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Sharing your state law with others

Posted by on Aug 22, 2017 in Blog, Law and Ethics, Lessons, Scholastic Journalism, Teaching | 0 comments

by John Bowen and Lori Keekley

Title

Sharing your state law with others

Description

State laws protecting student press rights mean nothing if students, administrators, school boards and others don’t know what they mean or how they impact the community. For this lesson, students will create an action plan for the various groups in their community about the state legislation.

Objectives

  • Students will evaluate what their state law covers and identify key points to share with others.
  • Students will research key points of their legislation, outline them and seek ways to effectively present them.
  • Students will synthesize these steps into Action Plans for sharing key points with various local communities.

Common Core State Standards

CCSS.ELA-LITERACY.RI.11-12.4 Determine the meaning of words and phrases as they are used in a text, including figurative, connotative, and technical meanings; analyze how an author uses and refines the meaning of a key term or terms over the course of a text (e.g., how Madison defines faction in Federalist No. 10).
CCSS.ELA-LITERACY.SL.9-10.1.D Respond thoughtfully to diverse perspectives, summarize points of agreement and disagreement, and, when warranted, qualify or justify their own views and understanding and make new connections in light of the evidence and reasoning presented.
CCSS.ELA-LITERACY.SL.11-12.1.D Respond thoughtfully to diverse perspectives; synthesize comments, claims, and evidence made on all sides of an issue; resolve contradictions when possible; and determine what additional information or research is required to deepen the investigation or complete the task.

Length

50 minutes

Materials / resources

Computers

State Law (see list at the end of the lesson for state links)

Lesson step-by-step

Step 1. Warm up — 5 minutes

The teacher should ask the class if they had last minute questions about their state law. Discuss them as needed, or tell students they will move on create an Action Plan to sell the new state law to administrators, community and board of education.

Step 2. Large group — 5 minutes

Tell students they will create an Action Plan to convince groups, administrators, community and board of education, the value of the new state law. Students can refer to the State Law Sheet and the role play from the earlier lesson.

An Action Plan would be an outline of the arguments, process and rationale for each they would use to explain the importance of having the state law to discuss this with selected community groups. Its contents might well vary depending on the group being addressed.

Step 3. Small groups — 40 minutes

The teacher will divide the class into a group for each of the categories, administrators, community, school board, and ask students to choose one they feel most comfortable with. Remember, each group will target a different audience to inform.

Each group will appoint a team leader (a student with journalism experience or editor would be best) to lead discussion and to record role and process.

Suggested talking points would include:

  • A timeline for the presentation session and which students would present information
  • A plan for publicity to invite members of their target audience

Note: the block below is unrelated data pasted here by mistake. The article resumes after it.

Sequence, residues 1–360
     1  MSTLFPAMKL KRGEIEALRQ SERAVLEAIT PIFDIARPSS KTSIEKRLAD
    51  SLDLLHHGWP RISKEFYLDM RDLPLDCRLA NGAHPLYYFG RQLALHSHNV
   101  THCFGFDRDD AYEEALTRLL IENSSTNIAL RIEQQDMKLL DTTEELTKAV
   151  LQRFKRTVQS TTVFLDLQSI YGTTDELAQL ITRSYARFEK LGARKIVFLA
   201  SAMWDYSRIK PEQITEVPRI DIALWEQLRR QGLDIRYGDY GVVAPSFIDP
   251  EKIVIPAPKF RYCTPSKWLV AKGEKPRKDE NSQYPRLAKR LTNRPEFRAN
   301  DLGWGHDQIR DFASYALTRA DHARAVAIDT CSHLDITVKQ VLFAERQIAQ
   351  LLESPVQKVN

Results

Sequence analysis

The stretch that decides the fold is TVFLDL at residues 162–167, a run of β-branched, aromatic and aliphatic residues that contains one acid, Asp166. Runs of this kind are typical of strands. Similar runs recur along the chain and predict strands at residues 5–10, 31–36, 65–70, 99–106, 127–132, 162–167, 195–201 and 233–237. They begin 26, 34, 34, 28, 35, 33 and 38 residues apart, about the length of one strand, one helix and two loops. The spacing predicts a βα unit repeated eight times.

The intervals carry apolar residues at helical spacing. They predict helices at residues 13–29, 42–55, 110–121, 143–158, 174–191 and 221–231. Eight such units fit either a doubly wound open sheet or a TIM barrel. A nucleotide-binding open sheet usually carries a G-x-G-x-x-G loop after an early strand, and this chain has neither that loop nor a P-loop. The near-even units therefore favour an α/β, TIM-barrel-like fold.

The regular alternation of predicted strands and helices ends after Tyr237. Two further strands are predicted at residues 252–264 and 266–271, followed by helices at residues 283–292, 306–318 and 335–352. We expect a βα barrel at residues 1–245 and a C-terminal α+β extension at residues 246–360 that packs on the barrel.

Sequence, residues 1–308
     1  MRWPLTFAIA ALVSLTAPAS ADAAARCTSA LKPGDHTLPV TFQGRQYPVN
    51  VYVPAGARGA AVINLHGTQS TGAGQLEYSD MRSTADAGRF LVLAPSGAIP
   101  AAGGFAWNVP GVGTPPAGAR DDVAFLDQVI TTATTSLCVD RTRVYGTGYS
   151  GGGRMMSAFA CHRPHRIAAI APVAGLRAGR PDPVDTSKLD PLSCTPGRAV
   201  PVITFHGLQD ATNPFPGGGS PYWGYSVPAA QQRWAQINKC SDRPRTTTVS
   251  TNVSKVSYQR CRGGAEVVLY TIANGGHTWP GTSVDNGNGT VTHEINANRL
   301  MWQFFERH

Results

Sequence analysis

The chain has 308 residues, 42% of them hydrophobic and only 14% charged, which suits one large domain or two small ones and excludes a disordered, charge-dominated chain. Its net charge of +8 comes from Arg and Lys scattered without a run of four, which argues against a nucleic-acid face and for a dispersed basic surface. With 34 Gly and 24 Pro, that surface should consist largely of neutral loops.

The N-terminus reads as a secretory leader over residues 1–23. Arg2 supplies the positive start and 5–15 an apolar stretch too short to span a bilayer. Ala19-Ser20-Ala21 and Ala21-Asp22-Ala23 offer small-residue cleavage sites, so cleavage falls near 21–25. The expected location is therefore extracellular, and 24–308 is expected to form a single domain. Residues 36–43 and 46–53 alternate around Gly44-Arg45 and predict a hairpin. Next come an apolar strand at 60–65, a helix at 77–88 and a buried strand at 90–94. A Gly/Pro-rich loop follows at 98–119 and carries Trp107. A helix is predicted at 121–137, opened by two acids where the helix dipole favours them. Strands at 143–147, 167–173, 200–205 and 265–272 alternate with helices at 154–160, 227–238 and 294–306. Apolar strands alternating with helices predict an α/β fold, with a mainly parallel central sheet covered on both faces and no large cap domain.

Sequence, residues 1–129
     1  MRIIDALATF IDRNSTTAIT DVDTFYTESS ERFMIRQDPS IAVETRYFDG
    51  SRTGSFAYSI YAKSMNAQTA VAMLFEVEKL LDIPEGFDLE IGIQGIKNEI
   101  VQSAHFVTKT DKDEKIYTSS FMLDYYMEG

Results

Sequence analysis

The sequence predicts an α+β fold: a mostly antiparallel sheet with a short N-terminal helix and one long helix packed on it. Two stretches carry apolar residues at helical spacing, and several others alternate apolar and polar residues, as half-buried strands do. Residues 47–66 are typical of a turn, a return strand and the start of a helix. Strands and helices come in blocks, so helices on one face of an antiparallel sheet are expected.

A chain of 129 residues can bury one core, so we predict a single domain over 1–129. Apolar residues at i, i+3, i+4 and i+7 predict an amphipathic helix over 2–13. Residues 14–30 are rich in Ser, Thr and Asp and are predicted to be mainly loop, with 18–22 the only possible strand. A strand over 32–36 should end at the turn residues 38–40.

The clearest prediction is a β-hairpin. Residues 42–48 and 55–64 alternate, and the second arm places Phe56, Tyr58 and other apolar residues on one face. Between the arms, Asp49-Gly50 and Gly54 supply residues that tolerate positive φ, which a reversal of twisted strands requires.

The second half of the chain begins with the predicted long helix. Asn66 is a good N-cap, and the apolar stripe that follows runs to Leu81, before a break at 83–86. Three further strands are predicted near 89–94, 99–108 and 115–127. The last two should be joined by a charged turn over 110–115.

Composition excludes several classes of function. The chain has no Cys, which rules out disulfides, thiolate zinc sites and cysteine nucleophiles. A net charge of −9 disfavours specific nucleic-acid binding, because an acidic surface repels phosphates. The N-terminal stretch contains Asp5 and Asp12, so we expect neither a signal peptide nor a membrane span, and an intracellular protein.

• Securing a place for the presentation
  • Presentation materials effective for each targeted audience
  • Research need and student responsibilities for that material
  • A script for the presentation
  • Arrangements for sound, lighting and visuals as needed
  • Plans to have publicity/reporting of the presentation

Each team would also plan for future meetings to create materials and finalize times and places. The class, with input from the teacher, would ultimately decide the timeline for presentations (most likely, though, the presentation to the board of education would come last).

Teacher note: Depending on the class composition, this lesson may take more than one day. The students may need an additional day to create the presentation.

State Laws and Codes:

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What’s in your state press law?

Posted by on Aug 22, 2017 in Blog, Law and Ethics, Legal issues, Lessons, Scholastic Journalism | 0 comments

by John Bowen and Lori Keekley

Title

What’s in your state press law?

Description

State laws protecting student press rights mean nothing if students don’t know what they cover. For this lesson, students will examine what their state law protects and what its limitations are. Students will also create a dialogue with stakeholders in order to educate them about what the bill and its impact.

Objectives

  • Students will evaluate what their state law covers
  • Students will locate and quote from their state bill
  • Students will create a dialogue to help inform other stakeholders about the bill.

Common Core State Standards

CCSS.ELA-LITERACY.RI.11-12.4 Determine the meaning of words and phrases as they are used in a text, including figurative, connotative, and technical meanings; analyze how an author uses and refines the meaning of a key term or terms over the course of a text (e.g., how Madison defines faction in Federalist No. 10).
CCSS.ELA-LITERACY.RI.11-12.8 Delineate and evaluate the reasoning in seminal U.S. texts, including the application of constitutional principles and use of legal reasoning (e.g., in U.S. Supreme Court majority opinions and dissents) and the premises, purposes, and arguments in works of public advocacy (e.g., The Federalist, presidential addresses).
CCSS.ELA-LITERACY.SL.9-10.1.D Respond thoughtfully to diverse perspectives, summarize points of agreement and disagreement, and, when warranted, qualify or justify their own views and understanding and make new connections in light of the evidence and reasoning presented.